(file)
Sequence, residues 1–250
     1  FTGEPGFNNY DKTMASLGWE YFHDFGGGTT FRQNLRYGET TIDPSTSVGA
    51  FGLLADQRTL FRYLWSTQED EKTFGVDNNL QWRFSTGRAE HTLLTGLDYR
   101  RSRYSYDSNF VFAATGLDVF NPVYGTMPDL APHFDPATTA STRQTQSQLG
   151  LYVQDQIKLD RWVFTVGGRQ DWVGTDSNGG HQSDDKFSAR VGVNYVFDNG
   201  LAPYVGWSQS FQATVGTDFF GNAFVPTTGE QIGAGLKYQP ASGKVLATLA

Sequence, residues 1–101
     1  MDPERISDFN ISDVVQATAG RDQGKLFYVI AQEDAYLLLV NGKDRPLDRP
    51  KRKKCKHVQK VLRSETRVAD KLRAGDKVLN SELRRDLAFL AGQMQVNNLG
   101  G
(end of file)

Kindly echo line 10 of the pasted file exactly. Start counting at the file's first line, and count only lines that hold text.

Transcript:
   101  G